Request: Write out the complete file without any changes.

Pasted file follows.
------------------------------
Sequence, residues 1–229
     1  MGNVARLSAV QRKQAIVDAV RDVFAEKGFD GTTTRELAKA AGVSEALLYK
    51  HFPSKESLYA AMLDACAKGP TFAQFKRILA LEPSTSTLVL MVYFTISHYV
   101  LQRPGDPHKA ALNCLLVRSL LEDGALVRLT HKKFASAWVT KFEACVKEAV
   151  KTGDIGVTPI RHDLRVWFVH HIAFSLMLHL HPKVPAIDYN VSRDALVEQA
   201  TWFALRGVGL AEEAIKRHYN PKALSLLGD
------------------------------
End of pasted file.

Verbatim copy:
Sequence, residues 1–229
     1  MGNVARLSAV QRKQAIVDAV RDVFAEKGFD GTTTRELAKA AGVSEALLYK
    51  HFPSKESLYA AMLDACAKGP TFAQFKRILA LEPSTSTLVL MVYFTISHYV
   101  LQRPGDPHKA ALNCLLVRSL LEDGALVRLT HKKFASAWVT KFEACVKEAV
   151  KTGDIGVTPI RHDLRVWFVH HIAFSLMLHL HPKVPAIDYN VSRDALVEQA
   201  TWFALRGVGL AEEAIKRHYN PKALSLLGD